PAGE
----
Sadly this does not let you see through people’s clothes as some rumours suggest. What these films are sensitive to is Near Infra Red light, with wavelengths between 700-900nm. They will function as a normal film, most have a fairly standard panchromatic sensitivity, but the fun comes when you use a filter to take some of these normal wavelengths out.

When shot with a very dark red filter,anything below red is filtered out, so the bulk of the exposure comes from these red wavelengths. Using a red filter with normal black and white film deepens increases the contrast, darkening blue skies and green foliage, and lightning tones where there is a red constituent.

Infrared monochrome image of the River Calder at Sowerby Bridge
River Calder at Sowerby Bridge – Praktica TL-5B and Rollei Retro 400S

The Rollei Retro 400S used in this image has an extended red sensitivity, so the red filter has accentuated this in this image. Note how this has darkened the sky and the water, whereas the tan of the stone built mills remains light.

When you use a special infra-red filter even the visible red is blocked, resulting in the exposure coming largely from these NIR wavelengths. This means that subjects which reflect more of these wavelengths expose more and appear lighter on the image. Famously foliage becomes white, the so called ‘Woods effect’. Continue Reading “Infra-Red – Part one.”

Equipment Reviews, Tutorials and Techniques 0 comments on Vivitar Ultra Wide and Slim Fisheye Mod

Vivitar Ultra Wide and Slim Fisheye Mod

Fisheye photography is fun. There is no denying this. It might not be big, or clever (as the professionals put it), but it is a laugh. The world looks at you through a funky bubble. Peoples noses get bigger. You can nearly see behind your ears…

This is about the simplest mod you can ever do What’s more it is cheap, assuming you have a Vivitar Ultra Wide and Slim, or something similar, it will cost less than a tenner, probably a lot less.

You will need:

Unmodified UWS Camera image for tutorial
Unmodified UWS

1) A Vivitar Ultra Wide and Slim. These are hard to find, and go for silly prices nowadays, unless like me you find two at 75p each in a charity shop. Yes I am gloating. If you don’t find one, I would imagine some of the clones would do. These still go for silly prices, like all toy cameras nowadays, but they are easier to find. Basically, if it has a reasonably wide lens, measuring less than about 9mm in diameter (note that is the diameter, NOT the focal length) you will be ok.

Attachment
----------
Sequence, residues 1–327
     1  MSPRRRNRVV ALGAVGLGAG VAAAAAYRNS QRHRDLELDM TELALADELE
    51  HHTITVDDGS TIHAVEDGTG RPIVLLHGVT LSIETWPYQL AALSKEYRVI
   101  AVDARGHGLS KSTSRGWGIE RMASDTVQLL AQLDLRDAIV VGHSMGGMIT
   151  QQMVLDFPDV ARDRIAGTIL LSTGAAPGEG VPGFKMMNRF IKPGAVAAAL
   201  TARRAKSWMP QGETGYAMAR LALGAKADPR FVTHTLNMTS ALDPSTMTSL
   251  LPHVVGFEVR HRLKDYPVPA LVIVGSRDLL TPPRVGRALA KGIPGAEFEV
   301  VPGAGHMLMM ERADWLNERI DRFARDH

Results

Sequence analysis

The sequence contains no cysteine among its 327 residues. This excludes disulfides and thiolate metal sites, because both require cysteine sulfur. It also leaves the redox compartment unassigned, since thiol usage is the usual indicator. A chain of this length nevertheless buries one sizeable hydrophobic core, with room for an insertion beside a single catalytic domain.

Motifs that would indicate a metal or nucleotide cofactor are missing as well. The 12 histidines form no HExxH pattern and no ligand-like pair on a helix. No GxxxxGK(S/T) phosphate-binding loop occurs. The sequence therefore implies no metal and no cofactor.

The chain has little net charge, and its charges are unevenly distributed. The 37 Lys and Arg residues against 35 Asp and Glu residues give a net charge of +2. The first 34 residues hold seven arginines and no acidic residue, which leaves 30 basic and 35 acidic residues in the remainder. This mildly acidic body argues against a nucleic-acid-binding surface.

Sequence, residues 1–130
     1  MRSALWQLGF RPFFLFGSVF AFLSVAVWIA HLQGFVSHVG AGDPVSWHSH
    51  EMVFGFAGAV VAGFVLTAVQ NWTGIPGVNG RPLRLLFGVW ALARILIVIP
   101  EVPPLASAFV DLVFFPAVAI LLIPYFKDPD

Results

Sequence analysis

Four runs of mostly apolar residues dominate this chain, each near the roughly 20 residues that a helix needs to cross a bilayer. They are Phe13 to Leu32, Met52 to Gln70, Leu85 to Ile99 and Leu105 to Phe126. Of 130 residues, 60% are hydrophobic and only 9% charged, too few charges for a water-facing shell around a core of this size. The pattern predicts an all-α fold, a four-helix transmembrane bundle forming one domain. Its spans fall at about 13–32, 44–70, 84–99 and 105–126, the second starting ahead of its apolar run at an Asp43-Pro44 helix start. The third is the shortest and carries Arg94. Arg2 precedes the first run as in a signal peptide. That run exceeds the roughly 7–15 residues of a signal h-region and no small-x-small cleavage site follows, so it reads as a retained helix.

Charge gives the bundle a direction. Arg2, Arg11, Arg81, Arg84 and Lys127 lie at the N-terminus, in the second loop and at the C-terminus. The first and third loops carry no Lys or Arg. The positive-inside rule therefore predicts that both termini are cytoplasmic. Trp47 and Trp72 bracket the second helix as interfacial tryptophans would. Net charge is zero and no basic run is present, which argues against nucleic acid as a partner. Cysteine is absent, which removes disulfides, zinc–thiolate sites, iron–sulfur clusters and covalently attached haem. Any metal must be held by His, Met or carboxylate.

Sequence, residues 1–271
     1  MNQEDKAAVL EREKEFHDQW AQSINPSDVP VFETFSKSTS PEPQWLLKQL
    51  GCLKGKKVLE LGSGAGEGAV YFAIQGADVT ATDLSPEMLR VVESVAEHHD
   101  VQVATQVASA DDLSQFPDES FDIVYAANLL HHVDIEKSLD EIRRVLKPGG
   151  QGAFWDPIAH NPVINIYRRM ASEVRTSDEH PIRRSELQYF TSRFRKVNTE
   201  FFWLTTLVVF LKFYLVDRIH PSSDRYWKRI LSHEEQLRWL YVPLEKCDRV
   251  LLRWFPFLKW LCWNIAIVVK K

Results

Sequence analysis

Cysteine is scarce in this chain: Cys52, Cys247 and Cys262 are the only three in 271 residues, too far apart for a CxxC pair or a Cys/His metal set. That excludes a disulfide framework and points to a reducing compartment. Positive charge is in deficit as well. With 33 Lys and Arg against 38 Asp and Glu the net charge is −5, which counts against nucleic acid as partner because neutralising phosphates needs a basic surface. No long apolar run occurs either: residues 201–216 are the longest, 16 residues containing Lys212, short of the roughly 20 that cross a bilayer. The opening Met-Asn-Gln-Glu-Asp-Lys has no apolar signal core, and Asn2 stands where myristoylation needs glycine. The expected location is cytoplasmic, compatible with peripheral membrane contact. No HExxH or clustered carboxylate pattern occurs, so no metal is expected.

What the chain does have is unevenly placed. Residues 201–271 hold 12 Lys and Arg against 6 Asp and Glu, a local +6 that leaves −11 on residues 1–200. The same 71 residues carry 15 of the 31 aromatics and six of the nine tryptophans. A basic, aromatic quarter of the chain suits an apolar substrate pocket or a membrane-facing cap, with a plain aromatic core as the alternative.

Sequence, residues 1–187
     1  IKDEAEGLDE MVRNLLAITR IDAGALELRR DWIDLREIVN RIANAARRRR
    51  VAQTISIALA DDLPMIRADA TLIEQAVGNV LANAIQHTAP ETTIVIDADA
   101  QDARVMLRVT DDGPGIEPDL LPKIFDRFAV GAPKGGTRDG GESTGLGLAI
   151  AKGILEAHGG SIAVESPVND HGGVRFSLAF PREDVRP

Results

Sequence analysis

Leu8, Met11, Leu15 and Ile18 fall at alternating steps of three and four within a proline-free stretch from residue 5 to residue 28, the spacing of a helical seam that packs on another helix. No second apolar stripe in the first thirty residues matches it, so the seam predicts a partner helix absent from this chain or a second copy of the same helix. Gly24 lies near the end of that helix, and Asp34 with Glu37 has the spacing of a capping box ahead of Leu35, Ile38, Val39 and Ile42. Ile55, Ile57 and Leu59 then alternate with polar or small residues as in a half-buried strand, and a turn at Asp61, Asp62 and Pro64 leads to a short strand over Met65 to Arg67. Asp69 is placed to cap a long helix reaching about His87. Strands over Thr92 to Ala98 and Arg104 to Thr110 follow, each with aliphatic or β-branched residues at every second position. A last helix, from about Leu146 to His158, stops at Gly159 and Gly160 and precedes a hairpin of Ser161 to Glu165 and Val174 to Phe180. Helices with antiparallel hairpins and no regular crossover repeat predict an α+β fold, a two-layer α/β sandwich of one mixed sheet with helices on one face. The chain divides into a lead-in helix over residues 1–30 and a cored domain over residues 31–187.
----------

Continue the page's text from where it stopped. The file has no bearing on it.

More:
2) A magnetic iPhone fisheye lens. You can get these for pennies on ebay, of you are happy to wait a few weeks for them to be shipped from China. UK sellers they go for about a fiver. Continue Reading “Vivitar Ultra Wide and Slim Fisheye Mod”

Tutorials and Techniques 0 comments on Image Tutorial – ‘Heading North, Heading Home’

Image Tutorial – ‘Heading North, Heading Home’

Today I would like to share a tutorial about how I made one of my recent images – ‘Heading North, Heading Home’. My idea for this image was something a little crunchy – not fully crisp and bright, but blending the dirt of a northern city, with the light trails of the moving train. Something slightly film-esque (yes, I know I should shoot to film if I want it to be like film, but this is what I had to hand when I took the original shots) with a dark feel to it.

The Image

I took this image from the window of the London Kings Cross to Leeds train, at about 10pm, in May – there was still a big glow from the city lights in the sky, a bit of cloud, bathing everything in a nice warm orange glow.I took this using a Canon EOS 1000D and Sigma 10-20mm f/3.5 poked out of the window of a moving train.

I will, at this point add a brief note. Sticking your head out of moving trains can be dangerous, as my girlfriend reminded me at length afterwards, though I reminded her that while I might risk my life for my art, I wouldn’t risk my camera. But, being serious, this is not something to mess about with. There is a reasonable amount of clearance between two trains, and the between the train and most track-furniture, but you need to be sensible. Do not actually start doing this when the train is moving. Peek carefully along the side of the train, don’t go sticking your head right out. Listen carefully to make sure a train is not coming past, from both directions. When you are ready, hold the camera in place with as little of you out of the window as possible – don’t keep your head stuck out looking through the view finder, use live view. You do this at your own risk… Continue Reading “Image Tutorial – ‘Heading North, Heading Home’”